does not occur naturally. It is used as a rodenticide in urban and farm
rodent control and acts by disrupting the normal blood clotting mechanisms
causing an increased tendency to bleed. The rodenticidal properties of bromadiolone
were reported in 1976. It is a second generation anticoagulant that is effective
against rats and mice, including those resistant to first generation anticoagulants.
It is used in the form of ready-to-use baits of low concentration containing
0.005% bromadiolone. Bromadiolone is a white to off-white powder. Its solubility
in water is very low (less than 20 mg/litre at 20°C). It is slightly soluble
in ethanol and ethyl acetate, and soluble in dimethylformamide. The flash-point
temperature is 218°C.
Bromadiolone is absorbed through the gastrointestinal tract,
skin, and respiratory system. The major route of elimination in different
species after oral administration is via the faeces. The liver is the main
organ of accumulation and storage. Bromadiolone has been found in the liver
as the unchanged parent compound. Elimination from the liver is biphasic
with an initial rapid phase of 2-8 days and a slower phase with a half-life
of 170 days. No data are available on the kinetics and metabolism of bromadiolone
Chemical Name: 3-[3-(4′-bromobiphenyl-4-yl)-3-hydroxy-1-phenylpropyl]-4-hydroxycoumarin
Chemical Formula: C30H23BrO4
Bromadiolone has a high, acute
oral toxicity (LD50 of 1-3 mg/kg) for various species including
rodents and non-rodents. The dermal toxicity is also high (LD50
of 9.4 mg/kg in rabbits). Signs of poisoning are those associated with an
increased tendency to bleed. Bromadiolone is non-irritant to the skin. It
is a slight irritant for the eye. In feeding studies on rats, the only effect
found has been that associated with anticoagulant action. In a 12-week feeding
study on rats, the maximum tolerated dose was 10 µg/kg body weight per day.
Mutagenicity and teratogenicity studies have not shown any mutagenic, embryotoxic,
or teratogenic effects.
Effects on Other Organisms
in the Laboratory and Field: Bromadiolone has shown toxicity
for aquatic organisms. The LC50 (96-h) for various fish species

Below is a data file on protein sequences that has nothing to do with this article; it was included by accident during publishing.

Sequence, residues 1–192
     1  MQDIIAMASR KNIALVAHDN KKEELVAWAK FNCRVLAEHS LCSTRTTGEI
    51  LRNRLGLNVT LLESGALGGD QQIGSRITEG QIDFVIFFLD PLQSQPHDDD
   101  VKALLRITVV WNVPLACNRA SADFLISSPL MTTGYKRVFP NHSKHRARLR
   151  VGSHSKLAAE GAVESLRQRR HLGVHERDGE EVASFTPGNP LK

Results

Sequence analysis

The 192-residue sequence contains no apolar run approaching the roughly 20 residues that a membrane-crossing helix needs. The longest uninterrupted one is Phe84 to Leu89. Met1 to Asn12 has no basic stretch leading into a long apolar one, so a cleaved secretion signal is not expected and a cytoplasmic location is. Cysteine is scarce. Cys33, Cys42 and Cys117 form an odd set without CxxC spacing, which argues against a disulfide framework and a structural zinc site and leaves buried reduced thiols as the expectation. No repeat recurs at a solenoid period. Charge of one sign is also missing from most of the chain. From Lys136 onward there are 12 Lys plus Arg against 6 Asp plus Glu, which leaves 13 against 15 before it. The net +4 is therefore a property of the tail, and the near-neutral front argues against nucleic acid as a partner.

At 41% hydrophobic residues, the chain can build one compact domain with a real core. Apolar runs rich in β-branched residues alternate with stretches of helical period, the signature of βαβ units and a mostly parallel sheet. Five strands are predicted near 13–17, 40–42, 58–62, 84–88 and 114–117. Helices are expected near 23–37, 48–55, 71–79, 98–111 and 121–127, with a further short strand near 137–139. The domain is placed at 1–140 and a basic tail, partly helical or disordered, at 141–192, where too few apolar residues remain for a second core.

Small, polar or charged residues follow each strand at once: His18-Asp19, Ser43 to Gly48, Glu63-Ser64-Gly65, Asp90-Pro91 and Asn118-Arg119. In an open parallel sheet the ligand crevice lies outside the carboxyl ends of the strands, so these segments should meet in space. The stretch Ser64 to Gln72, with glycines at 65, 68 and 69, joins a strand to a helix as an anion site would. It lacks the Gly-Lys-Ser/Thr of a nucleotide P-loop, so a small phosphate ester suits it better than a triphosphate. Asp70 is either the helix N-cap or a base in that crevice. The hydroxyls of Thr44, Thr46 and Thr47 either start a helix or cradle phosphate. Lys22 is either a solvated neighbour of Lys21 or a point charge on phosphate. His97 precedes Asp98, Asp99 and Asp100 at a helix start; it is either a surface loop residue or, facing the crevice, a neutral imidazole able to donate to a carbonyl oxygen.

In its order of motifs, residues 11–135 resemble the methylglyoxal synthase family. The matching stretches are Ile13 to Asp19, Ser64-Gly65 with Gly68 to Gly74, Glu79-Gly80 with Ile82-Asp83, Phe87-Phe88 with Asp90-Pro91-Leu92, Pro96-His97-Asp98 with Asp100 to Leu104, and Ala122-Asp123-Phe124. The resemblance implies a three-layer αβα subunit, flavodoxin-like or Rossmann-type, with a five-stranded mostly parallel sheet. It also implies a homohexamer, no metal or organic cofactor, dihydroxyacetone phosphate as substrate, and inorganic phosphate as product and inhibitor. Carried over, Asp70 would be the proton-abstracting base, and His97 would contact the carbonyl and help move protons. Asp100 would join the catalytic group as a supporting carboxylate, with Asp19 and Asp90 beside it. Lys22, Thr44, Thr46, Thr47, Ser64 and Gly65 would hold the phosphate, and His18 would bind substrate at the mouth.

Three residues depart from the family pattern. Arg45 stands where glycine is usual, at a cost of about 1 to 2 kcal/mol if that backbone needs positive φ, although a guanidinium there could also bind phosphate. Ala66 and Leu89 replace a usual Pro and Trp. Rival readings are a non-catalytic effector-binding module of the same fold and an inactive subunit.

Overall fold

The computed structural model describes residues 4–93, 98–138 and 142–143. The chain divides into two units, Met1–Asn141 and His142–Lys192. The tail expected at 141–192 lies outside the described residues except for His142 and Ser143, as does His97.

ranged from 1.4 to more than 3 mg/litre. Bird species appear to be less
susceptible to bromadiolone than mammals with a reported acute, oral LD50
of at 138 mg/kg. Secondary poisoning through the consumption of rats and
mice killed with bromadiolone may occur in dogs and cats in urban situations,
but more likely in farm situations. As a technical material, bromadiolone
is extremely toxic for many mammalian species. Signs of poisoning in all
species, including humans, are associated with an increased tendency to
Evaluation of effects
on the environment: Bromadiolone
is applied to discrete sites in the form of low-concentration baits and
is stable under normal conditions. Bromadiolone is poorly soluble in water
and, in a bait formulation, it is is unlikely to be a source of water pollution.
As a technical material, it is toxic for aquatic organisms.
Bromadiolone is readily adsorbed on soil, rich
in clay and organic compounds, with no leaching; degradation in soil is
significant. Non-target organisms are potentially at risk from direct consumption
of baits (primary hazard) and through eating poisoned rodents (secondary
hazard). Whole-grain baits are highly attractive to birds. Bird species
appear to be less susceptible to bromadiolone than rodents.
The primary hazard is usually expressed by
the amount of finished bait that must be consumed to approach the lethal
dose. To reach the toxic or lethal dose, the non-target species must consume
comparatively large amounts of bait with a concentration of 0.005% active
ingredient. Some secondary toxicity laboratory studies on wildlife have
shown that captive predators could be intoxicated by no-choice feeding of
bromadiolone-poisoned or dosed prey. The significance of these results in
terms of hazards under field conditions is difficult to assess, because
the predators would not be expected to eat only poisoned animals. However,
predators may take poisoned small mammals that are still alive, preferentially.
In areas close to baiting, poisoned rodents may represent a high proportion
of the diet for individual birds. However, only few individuals will
be affected, unless there is very widespread and constant use of the baits.
Therefore, some kills of owls can be expected, but there will be no severe
population effects. This ties in with small numbers of poisoned owls observed
in the field.
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